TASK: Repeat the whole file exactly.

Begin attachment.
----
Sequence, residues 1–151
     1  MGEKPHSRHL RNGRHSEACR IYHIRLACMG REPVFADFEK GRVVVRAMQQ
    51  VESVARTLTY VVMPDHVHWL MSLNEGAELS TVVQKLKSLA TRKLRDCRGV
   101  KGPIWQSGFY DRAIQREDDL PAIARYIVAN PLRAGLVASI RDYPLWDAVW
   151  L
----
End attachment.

Sequence, residues 1–151
     1  MGEKPHSRHL RNGRHSEACR IYHIRLACMG REPVFADFEK GRVVVRAMQQ
    51  VESVARTLTY VVMPDHVHWL MSLNEGAELS TVVQKLKSLA TRKLRDCRGV
   101  KGPIWQSGFY DRAIQREDDL PAIARYIVAN PLRAGLVASI RDYPLWDAVW
   151  L